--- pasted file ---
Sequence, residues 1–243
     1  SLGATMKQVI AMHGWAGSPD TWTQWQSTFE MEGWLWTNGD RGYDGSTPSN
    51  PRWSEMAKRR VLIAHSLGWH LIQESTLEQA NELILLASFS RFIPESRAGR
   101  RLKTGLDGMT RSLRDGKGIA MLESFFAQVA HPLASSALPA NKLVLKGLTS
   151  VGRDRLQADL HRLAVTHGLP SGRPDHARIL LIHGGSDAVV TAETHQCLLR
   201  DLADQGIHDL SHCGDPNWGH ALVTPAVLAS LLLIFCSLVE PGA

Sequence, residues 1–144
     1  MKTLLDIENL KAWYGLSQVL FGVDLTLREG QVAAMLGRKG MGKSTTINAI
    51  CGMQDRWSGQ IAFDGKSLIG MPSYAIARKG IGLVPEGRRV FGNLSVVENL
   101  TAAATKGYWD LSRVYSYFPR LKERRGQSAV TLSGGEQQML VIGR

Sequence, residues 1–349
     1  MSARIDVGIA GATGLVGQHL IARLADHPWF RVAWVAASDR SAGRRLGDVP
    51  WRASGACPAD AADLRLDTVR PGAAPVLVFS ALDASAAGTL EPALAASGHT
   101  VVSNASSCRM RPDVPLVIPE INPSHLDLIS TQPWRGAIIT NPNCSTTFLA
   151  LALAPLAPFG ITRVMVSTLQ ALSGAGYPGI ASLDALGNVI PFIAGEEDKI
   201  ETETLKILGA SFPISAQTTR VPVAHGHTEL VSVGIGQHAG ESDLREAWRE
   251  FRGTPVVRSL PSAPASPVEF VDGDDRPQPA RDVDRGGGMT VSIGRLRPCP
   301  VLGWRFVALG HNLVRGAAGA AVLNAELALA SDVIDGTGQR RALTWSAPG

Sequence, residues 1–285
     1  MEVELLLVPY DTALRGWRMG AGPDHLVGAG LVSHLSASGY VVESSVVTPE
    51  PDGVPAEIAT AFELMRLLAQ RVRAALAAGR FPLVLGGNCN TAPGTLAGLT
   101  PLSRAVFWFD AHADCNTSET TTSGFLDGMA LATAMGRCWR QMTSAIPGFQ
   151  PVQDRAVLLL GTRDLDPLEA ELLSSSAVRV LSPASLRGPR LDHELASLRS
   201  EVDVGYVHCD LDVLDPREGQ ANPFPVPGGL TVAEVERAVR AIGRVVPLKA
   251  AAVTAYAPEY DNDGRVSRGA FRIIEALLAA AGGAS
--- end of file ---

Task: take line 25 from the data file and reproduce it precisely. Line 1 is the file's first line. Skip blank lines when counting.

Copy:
   251  AAVTAYAPEY DNDGRVSRGA FRIIEALLAA AGGAS